Former Australian PM Says Business, Higher Education Sectors Need to Wake Up to China Threat

July 16, 2020 Updated: July 16, 2020

Australia’s former prime minister Malcolm Turnbull said Wednesday that the country’s business and higher education sectors need to wake up to “bullying” and threats posed by the Chinese Communist Party (CCP).

Turnbull, whose government banned tech giants Huawei and ZTE from Australia’s 5G networks on national security grounds, criticized the nation’s business chiefs and academics after they condemned the Australian government over its relations with Beijing.

Such behavior, the former prime minister said, would only “encourage more bullying from China.”

Turnbull, who was prime minister from 2015 to 2018, said that some parts of the Australian business community have been “pretty shameful” in their response Beijing’s use of trade threats to influence policy.

Addressing a webinar hosted by the Washington-based Center for Strategic and International Studies (CSIS), he made reference to comments made in 2018 by the University of Sydney’s Vice Chancellor Michael Spence.

Spence “accused me of ‘Sinophobic blatherings,’” Turnbull recalled. “That was because he has a large number of his foreign students who’ve paid full tuition fees, come from China.”

“We had to gently remind them and make a few points about, well, you know, essentially a little bit of patriotism wouldn’t have gone too far,” he added, without elaborating.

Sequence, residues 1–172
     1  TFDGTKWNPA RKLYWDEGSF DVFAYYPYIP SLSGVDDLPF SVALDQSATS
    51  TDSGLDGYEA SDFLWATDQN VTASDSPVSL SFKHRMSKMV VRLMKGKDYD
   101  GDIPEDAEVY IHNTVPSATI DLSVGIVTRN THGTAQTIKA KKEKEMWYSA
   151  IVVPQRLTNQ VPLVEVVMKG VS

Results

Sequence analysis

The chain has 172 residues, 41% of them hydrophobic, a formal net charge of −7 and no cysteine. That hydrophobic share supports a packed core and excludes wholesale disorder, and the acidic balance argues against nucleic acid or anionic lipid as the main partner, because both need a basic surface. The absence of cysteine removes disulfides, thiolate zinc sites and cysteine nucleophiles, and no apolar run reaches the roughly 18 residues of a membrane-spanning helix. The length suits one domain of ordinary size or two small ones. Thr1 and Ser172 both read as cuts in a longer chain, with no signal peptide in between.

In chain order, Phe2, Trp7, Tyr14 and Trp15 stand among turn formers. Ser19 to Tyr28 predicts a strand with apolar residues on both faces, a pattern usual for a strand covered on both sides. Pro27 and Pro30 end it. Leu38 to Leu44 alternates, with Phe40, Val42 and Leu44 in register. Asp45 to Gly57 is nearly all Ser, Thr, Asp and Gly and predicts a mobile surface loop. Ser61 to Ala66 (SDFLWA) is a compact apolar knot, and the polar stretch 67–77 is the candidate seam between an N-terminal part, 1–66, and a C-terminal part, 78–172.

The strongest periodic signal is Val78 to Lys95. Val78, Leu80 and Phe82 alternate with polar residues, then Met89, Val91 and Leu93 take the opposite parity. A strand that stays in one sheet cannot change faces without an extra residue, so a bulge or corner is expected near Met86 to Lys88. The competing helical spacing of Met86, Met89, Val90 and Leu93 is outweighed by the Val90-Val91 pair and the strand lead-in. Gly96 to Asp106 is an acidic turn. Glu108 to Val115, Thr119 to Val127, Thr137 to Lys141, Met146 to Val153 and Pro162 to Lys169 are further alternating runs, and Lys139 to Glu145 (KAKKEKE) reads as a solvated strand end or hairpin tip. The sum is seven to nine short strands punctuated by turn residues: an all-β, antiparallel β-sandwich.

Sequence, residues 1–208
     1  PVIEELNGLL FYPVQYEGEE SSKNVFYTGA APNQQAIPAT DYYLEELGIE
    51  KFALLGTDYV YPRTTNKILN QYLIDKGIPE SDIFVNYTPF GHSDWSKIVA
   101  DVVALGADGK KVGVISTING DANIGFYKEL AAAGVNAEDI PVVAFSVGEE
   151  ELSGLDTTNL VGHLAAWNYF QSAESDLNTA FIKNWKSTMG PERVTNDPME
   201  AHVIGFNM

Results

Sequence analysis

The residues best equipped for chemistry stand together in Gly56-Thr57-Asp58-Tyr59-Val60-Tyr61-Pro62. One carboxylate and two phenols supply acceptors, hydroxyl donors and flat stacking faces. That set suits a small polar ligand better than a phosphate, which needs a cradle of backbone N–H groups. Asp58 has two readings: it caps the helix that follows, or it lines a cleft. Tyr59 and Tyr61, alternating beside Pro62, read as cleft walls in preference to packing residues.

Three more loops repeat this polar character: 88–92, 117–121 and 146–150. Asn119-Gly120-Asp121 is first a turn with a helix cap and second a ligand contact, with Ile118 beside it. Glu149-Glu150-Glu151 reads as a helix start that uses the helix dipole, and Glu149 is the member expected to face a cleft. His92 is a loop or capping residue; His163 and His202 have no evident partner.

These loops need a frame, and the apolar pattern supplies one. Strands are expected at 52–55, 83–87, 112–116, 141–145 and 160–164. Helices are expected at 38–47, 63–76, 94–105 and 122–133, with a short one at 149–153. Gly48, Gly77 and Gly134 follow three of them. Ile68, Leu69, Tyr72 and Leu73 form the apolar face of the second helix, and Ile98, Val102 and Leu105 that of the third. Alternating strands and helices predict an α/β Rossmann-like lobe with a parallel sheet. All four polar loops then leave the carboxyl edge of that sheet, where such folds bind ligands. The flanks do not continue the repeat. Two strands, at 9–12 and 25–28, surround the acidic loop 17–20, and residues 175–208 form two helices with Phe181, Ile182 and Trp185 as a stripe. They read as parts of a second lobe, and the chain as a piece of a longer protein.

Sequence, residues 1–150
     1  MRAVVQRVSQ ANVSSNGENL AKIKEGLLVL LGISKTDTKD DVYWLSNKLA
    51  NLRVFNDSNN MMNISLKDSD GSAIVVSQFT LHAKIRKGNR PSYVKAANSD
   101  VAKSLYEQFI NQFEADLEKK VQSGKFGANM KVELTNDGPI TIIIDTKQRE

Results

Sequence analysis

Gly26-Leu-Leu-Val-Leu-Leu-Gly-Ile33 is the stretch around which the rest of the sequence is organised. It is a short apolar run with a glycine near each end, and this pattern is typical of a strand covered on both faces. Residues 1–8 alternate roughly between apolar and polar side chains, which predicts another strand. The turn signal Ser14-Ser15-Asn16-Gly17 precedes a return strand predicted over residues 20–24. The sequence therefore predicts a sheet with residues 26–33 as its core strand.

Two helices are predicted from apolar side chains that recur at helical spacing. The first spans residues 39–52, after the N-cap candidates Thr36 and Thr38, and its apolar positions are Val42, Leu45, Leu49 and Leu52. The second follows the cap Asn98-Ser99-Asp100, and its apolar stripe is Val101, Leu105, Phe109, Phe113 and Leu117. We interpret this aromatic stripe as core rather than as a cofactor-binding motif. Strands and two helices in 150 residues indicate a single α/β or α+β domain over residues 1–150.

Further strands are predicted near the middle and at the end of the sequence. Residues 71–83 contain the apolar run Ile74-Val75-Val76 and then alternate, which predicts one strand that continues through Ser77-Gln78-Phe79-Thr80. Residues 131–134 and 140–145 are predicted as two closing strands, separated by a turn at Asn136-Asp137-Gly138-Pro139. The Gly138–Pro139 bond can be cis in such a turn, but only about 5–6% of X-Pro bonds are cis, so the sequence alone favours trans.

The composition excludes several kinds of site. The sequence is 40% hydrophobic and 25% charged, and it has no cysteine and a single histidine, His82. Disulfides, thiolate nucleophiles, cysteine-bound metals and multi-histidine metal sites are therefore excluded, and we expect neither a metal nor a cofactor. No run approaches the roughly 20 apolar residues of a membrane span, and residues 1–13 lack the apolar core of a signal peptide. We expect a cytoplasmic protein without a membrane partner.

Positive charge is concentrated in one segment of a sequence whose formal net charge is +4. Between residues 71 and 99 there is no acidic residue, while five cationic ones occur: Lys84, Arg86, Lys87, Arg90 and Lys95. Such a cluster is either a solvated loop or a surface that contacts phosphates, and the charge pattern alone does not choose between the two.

“The greatest leverage China has in the region is money,” he continued, noting that China was Australia’s biggest trading partner, with the export of commodities being a large part of the economic relationship.

“Every now and then, when it suits them, they rattle the cage and threaten trade consequences and sometimes some exports are held up … those threats are made,” he said. “And the Australian business community I have to say to date has been invariably sensitive to this and tends to criticise the Australian government, pretty shameful actually.”

“The one thing the Australian business community and academic community have got to learn, is that if you want to encourage more bullying from China, continue behaving in the way they do, because every time they do that and criticize the Australian government over its China relations, reflexively, Beijing says, ‘Wow, gee that works, that’s terrific—let’s do more of that.’”

Turnbull’s comments come as the Australian government increasingly pushes back against recent aggression by the CCP.

Australia was one of the first countries to call for an investigation into Beijing’s handling of the COVID-19 pandemic and has suspended its extradition treaty with Hong Kong over concerns around the new national security law. The country also is standing its ground against an escalating number of economic threats and intimidation from China.

Turnbull said Australia must have confidence in the services and products it sold “and not be bullied because it is, honestly, it is a slippery slope.”

Countries must “not be intimidated by confected outrage” from Beijing, Turnbull said.

Bowen Xiao contributed to this report.